Where you can take your dog for a walk in our city
Time Out Dubai Staff
Though public beaches and parks are off-limits to pets (particularly dogs), Dubai Marina is a good spot for dog-walking down by the water and there’s even a special dustbin (only one, mind) in which to empty your pooper scooper. For those wanting to step out for lunch with their pooches in tow, The Irish Village (04 282 4750) welcomes dogs, providing they’re kept on a leash and don’t go after the ducks in the nearby pond. The same applies at The Lime Tree Café (04 349 8498) in Jumeirah.
For organised doggie fun, DogWalk (04 344 6945, www.dogwalkonline.com) organises afternoon teas, hydrotherapy sessions (yes, really) and Christmas parties. It’s free to join, though all dogs must be fully vaccinated (including against kennel cough).
Anyone looking to take a weekend break sans Fido can enlist the services of Homely Petz (050 871 7072, www.homelypetz.com), which provides qualified pet sitters and dog walkers – a consultation costs from Dhs100 and rates are determined on a case-by-case basis. Urban Tails (04 884 8847, www.urbantailsdubai.com) goes one better by providing board and lodgings (there are four suites available – the Royal Suite offers butler service, plasma TV and webcam), a pet gym with treadmills and a doggie bootcamp and a pool, plus grooming and relocation services.
As we’ve already established, public parks and beaches, as well as popular thoroughfares such as The Walk at JBR, are off limits for pets (though it’s not uncommon to see people out walking their husky/pet monkey/snake on a Friday night). Some private residential buildings also prohibit residents from keeping pets. According to Kosta Giannopoulos, head of Better Homes Property Management, most landlords will not accept pets; even if a landlord did allow a tenant to have a pet, their decision would still be subject to Dubai Municipality rules and regulations. However, in practice such dialogue rarely takes place because there’s no official system for ‘pet permission’ in residential buildings, and keeping a pet is largely down to the discretion of an individual landlord and resident.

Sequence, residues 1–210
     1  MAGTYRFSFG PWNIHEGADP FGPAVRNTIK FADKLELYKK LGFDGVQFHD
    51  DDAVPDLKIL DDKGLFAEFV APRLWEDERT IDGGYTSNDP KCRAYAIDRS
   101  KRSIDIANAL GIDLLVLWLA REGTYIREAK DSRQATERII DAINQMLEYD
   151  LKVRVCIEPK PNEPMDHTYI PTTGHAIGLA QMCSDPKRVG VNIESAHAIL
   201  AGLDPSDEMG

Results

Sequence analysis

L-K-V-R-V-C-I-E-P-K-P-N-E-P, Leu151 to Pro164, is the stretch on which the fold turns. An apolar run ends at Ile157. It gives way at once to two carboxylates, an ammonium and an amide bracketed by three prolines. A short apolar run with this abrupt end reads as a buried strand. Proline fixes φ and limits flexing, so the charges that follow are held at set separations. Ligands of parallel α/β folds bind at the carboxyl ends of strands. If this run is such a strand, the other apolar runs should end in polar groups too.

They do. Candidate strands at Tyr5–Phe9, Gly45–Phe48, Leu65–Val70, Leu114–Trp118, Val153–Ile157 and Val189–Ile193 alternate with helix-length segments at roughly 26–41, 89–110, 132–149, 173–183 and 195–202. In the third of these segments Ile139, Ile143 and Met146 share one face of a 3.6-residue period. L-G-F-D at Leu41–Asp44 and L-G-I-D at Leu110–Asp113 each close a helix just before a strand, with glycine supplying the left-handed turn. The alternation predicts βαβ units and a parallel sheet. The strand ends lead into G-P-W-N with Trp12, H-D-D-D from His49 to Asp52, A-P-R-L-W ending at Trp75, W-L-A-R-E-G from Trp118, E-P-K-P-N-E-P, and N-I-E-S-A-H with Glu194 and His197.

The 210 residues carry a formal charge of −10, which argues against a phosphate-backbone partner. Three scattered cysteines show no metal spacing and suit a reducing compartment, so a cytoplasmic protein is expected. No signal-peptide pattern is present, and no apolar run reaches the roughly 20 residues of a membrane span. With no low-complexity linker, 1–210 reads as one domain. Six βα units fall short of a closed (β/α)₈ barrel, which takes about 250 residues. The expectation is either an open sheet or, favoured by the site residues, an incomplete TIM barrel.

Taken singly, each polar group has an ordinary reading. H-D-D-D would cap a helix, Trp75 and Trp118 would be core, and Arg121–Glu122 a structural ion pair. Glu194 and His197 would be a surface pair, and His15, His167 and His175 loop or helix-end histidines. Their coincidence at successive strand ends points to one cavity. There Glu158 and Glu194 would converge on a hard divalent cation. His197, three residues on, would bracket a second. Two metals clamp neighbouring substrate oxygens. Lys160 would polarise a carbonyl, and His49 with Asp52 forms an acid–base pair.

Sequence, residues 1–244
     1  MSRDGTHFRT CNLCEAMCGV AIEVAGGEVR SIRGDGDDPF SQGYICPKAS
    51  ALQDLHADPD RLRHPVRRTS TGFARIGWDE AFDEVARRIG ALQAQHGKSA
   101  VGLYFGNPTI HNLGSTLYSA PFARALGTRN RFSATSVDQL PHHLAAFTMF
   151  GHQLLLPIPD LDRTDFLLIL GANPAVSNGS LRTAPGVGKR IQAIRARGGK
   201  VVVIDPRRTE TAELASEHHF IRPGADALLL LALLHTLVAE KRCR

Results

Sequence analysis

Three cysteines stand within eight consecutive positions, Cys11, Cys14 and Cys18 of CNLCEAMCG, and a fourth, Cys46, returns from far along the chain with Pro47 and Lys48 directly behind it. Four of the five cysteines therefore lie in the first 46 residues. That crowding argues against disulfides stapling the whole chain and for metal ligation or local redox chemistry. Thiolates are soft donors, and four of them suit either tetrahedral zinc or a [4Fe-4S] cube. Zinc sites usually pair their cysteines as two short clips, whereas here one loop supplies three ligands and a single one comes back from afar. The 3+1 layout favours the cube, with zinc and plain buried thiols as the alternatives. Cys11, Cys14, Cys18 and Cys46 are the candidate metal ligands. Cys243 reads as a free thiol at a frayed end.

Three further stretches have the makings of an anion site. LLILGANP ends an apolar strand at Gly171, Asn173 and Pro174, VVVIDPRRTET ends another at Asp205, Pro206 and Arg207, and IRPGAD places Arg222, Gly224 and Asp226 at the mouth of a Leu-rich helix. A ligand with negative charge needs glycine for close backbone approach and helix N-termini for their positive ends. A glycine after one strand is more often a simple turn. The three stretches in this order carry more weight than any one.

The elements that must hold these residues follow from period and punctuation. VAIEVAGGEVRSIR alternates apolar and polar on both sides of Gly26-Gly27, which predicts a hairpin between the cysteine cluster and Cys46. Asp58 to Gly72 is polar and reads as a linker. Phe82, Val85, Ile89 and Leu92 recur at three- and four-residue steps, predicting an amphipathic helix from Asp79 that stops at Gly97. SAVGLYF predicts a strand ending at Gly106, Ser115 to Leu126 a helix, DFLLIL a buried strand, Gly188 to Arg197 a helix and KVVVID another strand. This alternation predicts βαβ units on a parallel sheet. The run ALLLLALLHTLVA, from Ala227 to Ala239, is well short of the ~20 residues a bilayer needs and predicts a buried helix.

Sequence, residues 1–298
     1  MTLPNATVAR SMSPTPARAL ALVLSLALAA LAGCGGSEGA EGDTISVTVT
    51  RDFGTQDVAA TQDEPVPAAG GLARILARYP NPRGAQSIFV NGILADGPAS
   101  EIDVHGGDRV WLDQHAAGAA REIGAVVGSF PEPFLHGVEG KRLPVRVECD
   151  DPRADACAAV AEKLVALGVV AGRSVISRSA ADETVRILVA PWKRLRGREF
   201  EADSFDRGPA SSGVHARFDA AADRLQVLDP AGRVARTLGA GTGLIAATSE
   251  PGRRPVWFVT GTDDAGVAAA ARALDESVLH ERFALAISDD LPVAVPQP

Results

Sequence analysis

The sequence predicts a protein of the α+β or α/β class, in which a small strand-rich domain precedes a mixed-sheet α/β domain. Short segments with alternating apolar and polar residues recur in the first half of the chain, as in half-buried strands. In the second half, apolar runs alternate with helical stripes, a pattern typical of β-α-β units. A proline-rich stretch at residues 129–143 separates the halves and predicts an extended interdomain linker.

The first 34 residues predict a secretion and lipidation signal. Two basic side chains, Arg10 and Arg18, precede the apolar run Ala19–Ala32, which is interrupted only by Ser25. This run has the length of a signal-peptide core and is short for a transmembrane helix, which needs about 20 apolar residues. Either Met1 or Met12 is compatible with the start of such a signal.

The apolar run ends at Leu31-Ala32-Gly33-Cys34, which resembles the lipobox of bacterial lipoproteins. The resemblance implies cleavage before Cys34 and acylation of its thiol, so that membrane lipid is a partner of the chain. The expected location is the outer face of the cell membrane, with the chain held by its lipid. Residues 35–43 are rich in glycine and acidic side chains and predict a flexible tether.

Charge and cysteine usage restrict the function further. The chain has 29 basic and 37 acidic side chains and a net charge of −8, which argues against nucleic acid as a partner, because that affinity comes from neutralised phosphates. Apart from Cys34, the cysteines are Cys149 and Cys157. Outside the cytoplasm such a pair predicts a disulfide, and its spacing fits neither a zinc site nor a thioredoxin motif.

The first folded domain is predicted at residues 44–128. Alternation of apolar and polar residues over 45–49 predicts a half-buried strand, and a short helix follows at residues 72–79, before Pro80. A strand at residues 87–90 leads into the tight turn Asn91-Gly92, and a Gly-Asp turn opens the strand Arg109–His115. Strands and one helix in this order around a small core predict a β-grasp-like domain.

Dog owners should be mindful of the cultural sensitivities that come with keeping a canine. While the Qur’an encourages kindness to all animals, dogs are considered by many conservative Muslims as unclean and are traditionally only kept for guarding property or hunting. It’s therefore advisable for owners to always keep their dogs on a leash in public places and only allow them near passers-by by mutual consent. If you’re walking a dog where someone is praying, do not under any circumstances let the dog stray over the prayer mat. Moaz Khan of Eton Institute (www.eton.ac) adds that when inviting a Muslim into your home, it’s a good idea to keep dogs in a separate room (or at the very least on a leash).